From Chicago Fed President Charles Evans: Suppose we faced a very different economic environment: Imagine that inflation was running at 5% against our inflation objective of 2%. Is there a doubt that any central banker worth their salt would be reacting strongly to fight this high inflation rate? No, there isn’t any doubt. They would be acting as if their hair was on fire. We should be similarly energized about improving conditions in the labor market. In the United States, the Federal Reserve Act charges us with maintaining monetary and financial conditions that support maximum employment and price stability. This is referred to as the Fed’s dual mandate and it has the force of law behind it. The most reasonable interpretation of our maximum employment objective is an unemployment rate near its natural rate, and a fairly conservative estimate of that natural rate is 6%. So, when unemployment stands at 9%, we’re missing on our employment mandate by 3 full percentage points. That’s just as bad as 5% inflation versus a 2% target. So, if 5% inflation would have our hair on fire, so should 9% unemployment. The current unemployment rate of 9.1% (16.2% U-6) is a tragedy. Even though the high unemployment rate was a direct result of the bursting of the housing bubble and the financial crisis - Evans argues that we shouldn't just accept a sluggish recovery: In their book This Time is Different, Carmen Reinhart and Ken Rogoff documented the substantially more detrimental effects that financial crises typically impose on economic recoveries. Recoveries following severe financial crises take many years longer than usual, and the risk of a second recession before the ultimate economic recovery returns to the previous business cycle peak is substantially higher. In a related study of the current U.S. experience, Reinhart and Rogoff show that the current anemic recovery is following the typical post-financial crisis path quite closely, given the size of the financial contraction...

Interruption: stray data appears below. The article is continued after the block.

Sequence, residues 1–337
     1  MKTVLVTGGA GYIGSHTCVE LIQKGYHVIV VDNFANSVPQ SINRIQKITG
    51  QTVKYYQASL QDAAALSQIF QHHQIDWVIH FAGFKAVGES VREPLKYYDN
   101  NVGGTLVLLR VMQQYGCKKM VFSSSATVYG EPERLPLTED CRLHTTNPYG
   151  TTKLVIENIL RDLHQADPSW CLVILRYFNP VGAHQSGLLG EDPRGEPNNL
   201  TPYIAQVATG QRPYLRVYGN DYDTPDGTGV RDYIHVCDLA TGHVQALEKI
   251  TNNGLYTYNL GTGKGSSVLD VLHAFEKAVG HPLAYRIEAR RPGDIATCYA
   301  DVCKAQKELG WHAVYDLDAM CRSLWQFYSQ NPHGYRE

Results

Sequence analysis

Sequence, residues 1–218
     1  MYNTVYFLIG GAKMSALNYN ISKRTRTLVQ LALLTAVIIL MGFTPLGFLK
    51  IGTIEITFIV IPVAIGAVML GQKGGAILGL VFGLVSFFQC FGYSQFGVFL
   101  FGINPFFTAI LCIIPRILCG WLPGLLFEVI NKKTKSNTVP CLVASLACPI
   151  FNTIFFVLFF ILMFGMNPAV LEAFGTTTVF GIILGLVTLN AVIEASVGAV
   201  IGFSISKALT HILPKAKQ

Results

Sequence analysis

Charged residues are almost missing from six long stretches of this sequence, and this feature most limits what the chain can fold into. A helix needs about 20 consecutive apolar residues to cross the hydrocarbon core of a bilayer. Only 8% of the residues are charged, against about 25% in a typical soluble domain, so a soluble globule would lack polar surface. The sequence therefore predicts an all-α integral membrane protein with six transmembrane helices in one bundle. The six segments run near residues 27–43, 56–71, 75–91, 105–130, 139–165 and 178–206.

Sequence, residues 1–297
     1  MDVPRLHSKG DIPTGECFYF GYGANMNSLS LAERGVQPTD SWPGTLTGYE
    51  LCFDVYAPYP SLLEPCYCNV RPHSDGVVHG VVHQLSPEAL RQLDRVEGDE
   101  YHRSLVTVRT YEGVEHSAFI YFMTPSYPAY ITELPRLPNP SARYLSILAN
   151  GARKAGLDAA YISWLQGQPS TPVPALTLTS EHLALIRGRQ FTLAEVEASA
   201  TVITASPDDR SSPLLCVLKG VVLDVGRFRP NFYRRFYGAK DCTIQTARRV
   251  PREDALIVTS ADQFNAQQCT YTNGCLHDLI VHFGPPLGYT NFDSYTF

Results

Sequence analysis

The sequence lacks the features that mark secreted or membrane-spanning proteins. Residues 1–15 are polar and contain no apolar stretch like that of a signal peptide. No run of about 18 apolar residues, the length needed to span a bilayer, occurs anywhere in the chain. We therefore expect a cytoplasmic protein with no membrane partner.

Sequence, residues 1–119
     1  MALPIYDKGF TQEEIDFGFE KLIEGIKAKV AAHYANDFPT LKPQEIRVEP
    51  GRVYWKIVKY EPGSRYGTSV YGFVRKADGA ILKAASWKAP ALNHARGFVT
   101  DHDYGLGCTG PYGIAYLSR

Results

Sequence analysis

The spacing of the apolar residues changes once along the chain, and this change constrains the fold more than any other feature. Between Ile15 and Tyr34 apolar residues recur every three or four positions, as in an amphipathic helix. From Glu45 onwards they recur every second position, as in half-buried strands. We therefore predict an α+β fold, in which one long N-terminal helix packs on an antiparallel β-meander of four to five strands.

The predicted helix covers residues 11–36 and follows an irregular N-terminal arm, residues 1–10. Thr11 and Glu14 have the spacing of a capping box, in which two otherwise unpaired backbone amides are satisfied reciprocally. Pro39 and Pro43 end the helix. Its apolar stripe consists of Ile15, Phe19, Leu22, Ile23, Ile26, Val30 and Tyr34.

Click Here to Read the Full Article

    Source: Calculated Risk Blog
  • 12:00 PM » Helping Unemployed Borrowers Meet Their Mortgage Payments
    Published Wed, Sep 07 2011 12:00 PM by Google News
    and With unemployment very high, income loss is now the primary reason for mortgage default. Unemployed homeowners face tough choices. Those with equity in their house may attempt to sell it quickly. Alternatively, to keep their house while seeking a new job, they might deplete their savings, apply for a loan modification, or use other credit. Those with negative equity—who owe more on the mortgage than the property’s current value—have fewer choices, because selling the house won’t pay off the mortgage. All too often the home enters foreclosure and becomes costly for the family and the community. In this post, we examine how states may be able to offer special bridge loans to help jobless homeowners pay their mortgages and help protect neighborhoods and housing markets. Such initiatives could complement existing programs by helping many distressed homeowners before they miss any payments. When Loan Modification Programs May Not Be Suitable Many efforts to address the housing crisis thus far have focused on modifying mortgages to make them more affordable permanently or for a set period of time. When a jobless homeowner’s income loss is likely to be in large part permanent and/or the loan was unaffordable even prior to the income loss, the efficient economic outcome may require a loan modification. Even so, obtaining a modification can be an uncertain, complex, and lengthy process. And many jobless homeowners don’t qualify. When the income loss is likely to be temporary and the loan is otherwise sustainable, a better strategy may be to leave the mortgage as is and have the government provide a bridge loan to the borrower to cover part of the mortgage payment until the borrower is reemployed. This form of assistance is embodied in the Department of Housing and Urban Development’s recent Emergency Homeowners’ Loan Program (EHLP). However, EHLP offers only one-time funding for currently unemployed borrowers, and all applications were due by July 22, 2011. An alternative...